raisethehammer
Nov 1, 2007, 7:59 PM
Greenest city I would go for defnitely.
We CAN be much better than TO by the way.
Portland kicks the crap out of nearby glitzy Seattle.
TO is fine, but nothing too great.

matt602
Nov 1, 2007, 8:21 PM
I think Hamilton would have to go through a miraculous rebound and Toronto through a devastating depression for Hamilton to come close to it again. I think we lost that closeness after WW2.

DC83
Nov 1, 2007, 9:33 PM
I also like "Greenest City"!!
With the Harbour cleanup, the abundance of Nature Trails, Trees, Parks, Waterfalls etc... and if the city would see that using farmlands for FARMING (perhaps corn for Biofuels??) rather than housing developments, than maybe we can attain such a name/goal for the city.

As for "Greatest City in the World", no. I agree... it'll just make ppl laugh and say "forget this BS!" Ppl laugh when Toronto calls itself "the greatest city in the world", even!

SteelTown
Nov 1, 2007, 10:15 PM
I remember last year one author mentioned Hamilton as one of the greenest cities in the world.

HAMRetrofit
Nov 2, 2007, 2:07 AM
I think city with the 'most reclaimed urban green space in the world' is attainable for Hamilton by 2020.

or city with 'the most improved rapid transit services in the world' is also attainable.

or city with 'the best 21st century public spaces and streetscapes in the world' is also attainble.

these are tangible things the city could invest in to create.

The best city in the world is absolutely idiotic. Create a slogan that actually gives direction.

raisethehammer
Nov 2, 2007, 2:35 AM
how about "the city that jumped from the 1950's to the 2020's quicker than any other city (except about 60 years too late)".

realcity
Nov 2, 2007, 3:50 PM
the problem is most of them don't know what makes a real city in the first place. They have to understand what 'that' is before they try to become the best anything. If they tried to bake the 'best cake in the world' they'd make a Twinkie.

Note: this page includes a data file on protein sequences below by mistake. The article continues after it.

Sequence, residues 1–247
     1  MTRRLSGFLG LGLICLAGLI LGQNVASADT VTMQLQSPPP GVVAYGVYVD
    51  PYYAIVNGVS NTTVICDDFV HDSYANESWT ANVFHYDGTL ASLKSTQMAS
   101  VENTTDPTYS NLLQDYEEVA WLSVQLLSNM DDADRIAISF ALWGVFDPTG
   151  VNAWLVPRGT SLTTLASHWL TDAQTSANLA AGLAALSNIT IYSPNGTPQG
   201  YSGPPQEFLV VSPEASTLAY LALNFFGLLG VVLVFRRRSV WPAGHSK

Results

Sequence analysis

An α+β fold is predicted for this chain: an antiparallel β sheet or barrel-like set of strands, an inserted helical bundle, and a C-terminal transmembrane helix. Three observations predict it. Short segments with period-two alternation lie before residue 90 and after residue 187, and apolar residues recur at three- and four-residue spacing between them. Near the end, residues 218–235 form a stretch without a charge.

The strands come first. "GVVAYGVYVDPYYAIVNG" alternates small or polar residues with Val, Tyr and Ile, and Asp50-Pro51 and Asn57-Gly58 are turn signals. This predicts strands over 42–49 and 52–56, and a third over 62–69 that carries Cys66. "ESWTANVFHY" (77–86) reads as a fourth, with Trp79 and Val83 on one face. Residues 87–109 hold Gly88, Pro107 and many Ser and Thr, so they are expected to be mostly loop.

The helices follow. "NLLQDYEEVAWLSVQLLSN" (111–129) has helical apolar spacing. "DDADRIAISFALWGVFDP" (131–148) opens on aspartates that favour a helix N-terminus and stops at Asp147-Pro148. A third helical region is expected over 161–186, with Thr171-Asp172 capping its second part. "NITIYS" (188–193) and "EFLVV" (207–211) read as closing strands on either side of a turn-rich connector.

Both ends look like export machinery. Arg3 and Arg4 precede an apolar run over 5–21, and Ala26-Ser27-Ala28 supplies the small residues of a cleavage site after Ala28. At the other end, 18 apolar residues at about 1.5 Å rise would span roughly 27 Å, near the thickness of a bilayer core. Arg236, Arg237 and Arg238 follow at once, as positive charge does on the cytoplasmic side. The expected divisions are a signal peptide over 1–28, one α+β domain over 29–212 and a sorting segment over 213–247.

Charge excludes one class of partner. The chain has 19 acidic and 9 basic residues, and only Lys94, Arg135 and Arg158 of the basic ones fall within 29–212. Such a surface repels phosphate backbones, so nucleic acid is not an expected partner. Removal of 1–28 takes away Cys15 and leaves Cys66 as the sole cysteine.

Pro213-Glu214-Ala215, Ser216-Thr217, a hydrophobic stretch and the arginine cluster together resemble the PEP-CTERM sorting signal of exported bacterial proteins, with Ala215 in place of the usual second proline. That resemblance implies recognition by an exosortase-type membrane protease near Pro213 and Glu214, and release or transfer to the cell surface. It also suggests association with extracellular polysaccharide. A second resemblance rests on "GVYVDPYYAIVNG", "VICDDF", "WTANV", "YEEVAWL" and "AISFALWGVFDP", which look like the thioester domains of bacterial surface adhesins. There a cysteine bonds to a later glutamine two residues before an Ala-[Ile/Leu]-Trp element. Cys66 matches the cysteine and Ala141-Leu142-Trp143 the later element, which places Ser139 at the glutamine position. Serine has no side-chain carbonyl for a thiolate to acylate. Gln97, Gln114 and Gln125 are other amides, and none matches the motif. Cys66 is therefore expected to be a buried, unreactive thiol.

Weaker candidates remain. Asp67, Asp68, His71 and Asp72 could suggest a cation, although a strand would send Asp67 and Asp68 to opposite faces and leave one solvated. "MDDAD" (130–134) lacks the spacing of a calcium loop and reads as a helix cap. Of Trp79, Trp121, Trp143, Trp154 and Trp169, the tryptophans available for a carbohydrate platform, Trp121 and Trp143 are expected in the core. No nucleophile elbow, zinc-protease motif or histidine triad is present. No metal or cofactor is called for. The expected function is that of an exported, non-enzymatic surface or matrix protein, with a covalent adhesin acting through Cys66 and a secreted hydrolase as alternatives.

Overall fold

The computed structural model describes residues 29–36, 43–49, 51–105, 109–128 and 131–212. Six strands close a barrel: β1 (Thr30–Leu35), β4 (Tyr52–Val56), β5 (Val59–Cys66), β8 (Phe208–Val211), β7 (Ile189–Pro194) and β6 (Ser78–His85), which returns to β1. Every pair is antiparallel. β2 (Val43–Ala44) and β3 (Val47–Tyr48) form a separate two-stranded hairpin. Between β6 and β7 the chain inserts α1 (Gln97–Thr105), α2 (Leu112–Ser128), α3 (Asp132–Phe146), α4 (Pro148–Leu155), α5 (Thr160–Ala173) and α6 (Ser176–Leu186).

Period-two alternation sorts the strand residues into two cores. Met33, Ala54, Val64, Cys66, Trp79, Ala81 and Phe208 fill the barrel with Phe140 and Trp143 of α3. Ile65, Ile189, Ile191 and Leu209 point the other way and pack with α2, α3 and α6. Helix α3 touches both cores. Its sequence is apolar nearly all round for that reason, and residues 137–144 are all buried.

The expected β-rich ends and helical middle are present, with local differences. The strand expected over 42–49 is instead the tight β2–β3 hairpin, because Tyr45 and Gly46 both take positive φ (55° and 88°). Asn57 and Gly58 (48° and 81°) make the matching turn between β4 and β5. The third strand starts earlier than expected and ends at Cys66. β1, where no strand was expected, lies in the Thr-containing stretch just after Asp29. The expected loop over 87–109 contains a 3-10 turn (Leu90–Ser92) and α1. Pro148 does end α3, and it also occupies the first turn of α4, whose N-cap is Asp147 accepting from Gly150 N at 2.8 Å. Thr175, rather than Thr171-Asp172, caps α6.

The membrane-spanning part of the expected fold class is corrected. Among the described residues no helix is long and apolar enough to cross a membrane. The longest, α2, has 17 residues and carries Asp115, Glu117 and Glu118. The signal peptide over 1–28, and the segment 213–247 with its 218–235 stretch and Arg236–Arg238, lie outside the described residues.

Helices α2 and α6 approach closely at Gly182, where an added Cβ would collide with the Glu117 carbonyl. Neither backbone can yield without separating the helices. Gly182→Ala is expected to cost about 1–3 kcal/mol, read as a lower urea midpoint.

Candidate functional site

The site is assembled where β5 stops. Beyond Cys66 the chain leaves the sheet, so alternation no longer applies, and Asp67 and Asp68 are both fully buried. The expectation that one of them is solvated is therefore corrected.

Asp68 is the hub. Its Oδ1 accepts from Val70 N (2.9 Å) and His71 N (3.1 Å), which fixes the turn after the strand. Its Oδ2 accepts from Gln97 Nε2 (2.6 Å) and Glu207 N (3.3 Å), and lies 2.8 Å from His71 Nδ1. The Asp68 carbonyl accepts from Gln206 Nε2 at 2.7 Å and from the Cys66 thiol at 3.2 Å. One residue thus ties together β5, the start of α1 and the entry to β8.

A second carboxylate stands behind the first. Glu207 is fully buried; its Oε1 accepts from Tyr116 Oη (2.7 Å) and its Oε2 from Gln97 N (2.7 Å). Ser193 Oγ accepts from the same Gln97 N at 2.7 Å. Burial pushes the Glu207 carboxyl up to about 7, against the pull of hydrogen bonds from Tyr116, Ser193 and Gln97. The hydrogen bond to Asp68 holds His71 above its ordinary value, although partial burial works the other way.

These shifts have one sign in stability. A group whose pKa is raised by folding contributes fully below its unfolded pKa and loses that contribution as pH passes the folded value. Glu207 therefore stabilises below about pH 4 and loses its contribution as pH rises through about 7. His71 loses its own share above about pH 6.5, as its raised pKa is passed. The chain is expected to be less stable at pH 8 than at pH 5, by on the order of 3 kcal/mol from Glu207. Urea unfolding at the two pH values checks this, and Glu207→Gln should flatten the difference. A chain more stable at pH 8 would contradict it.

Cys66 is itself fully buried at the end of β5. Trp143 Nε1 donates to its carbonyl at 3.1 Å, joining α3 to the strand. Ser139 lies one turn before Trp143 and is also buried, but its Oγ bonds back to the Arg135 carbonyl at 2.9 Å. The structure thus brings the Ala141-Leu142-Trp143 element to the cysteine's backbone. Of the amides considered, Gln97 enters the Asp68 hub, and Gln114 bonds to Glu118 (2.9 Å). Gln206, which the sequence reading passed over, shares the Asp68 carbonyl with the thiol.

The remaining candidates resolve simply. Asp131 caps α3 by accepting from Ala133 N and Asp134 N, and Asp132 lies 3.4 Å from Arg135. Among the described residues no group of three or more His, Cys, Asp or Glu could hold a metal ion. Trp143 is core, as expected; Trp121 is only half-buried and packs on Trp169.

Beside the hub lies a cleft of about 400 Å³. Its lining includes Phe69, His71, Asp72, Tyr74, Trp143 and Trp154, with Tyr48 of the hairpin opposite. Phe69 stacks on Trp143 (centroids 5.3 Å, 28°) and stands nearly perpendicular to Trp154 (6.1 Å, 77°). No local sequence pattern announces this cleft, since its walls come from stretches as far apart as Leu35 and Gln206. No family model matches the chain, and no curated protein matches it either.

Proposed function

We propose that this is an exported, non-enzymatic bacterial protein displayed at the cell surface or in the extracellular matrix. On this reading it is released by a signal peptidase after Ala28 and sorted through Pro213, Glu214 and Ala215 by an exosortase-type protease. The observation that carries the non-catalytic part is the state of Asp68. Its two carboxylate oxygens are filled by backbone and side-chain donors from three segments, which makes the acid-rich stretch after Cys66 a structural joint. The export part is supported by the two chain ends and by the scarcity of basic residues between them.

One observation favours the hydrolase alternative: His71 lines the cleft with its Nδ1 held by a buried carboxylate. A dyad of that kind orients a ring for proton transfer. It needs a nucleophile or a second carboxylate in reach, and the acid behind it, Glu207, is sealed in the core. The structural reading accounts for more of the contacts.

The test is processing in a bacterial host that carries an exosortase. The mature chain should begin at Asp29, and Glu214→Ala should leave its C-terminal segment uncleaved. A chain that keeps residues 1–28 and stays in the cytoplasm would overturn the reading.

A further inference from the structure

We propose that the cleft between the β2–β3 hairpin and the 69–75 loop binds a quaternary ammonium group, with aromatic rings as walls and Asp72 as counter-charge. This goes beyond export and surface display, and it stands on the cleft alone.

SteelTown
Nov 2, 2007, 3:52 PM
Opps wrong thread.

realcity
Nov 2, 2007, 3:52 PM
how about "the city that jumped from the 1950's to the 2020's quicker than any other city (except about 60 years too late)".

that's funny. or the city that fell asleep for 60 years and woke up to find it had a long white beard.

http://ripvanwinklemotel.com/images/ripVanWinkle.jpg

SteelTown
Dec 7, 2007, 3:09 AM
Council has its new vision statement.

"To be the best city in Canada to raise a child, promote innovation, engage citizens and provide diverse economic opportunities."

theman23
Dec 7, 2007, 3:22 AM
I applaud Eisenberger for having some common sense. This is a title already held by Mississauga, and it doesn't look like it is going to give it up anytime soon. Better Hamilton aim to be the next Windsor or St. Catherines.

raisethehammer
Dec 7, 2007, 3:31 AM
geez....they've got their work cut out for them.
best place to raise a child?? we're sucking in that area. One minor area - I chatted with my councilor about last week...we've got 11 kids living in the 5 houses on our half block. cars roar off york like it's a highway...people speeding, shortcutting. all the while these kids try to play out front.
cross the road to go to the park?? not on their life, unless one of us is with them.

diverse economic opportunities?? yea, a $9.00 an hour job at Zellers or an $8.00 an hour job at Walmart. Bring your tent...you'll need it.

SteelTown
Dec 7, 2007, 12:45 PM
Councillors agree on vision statement for city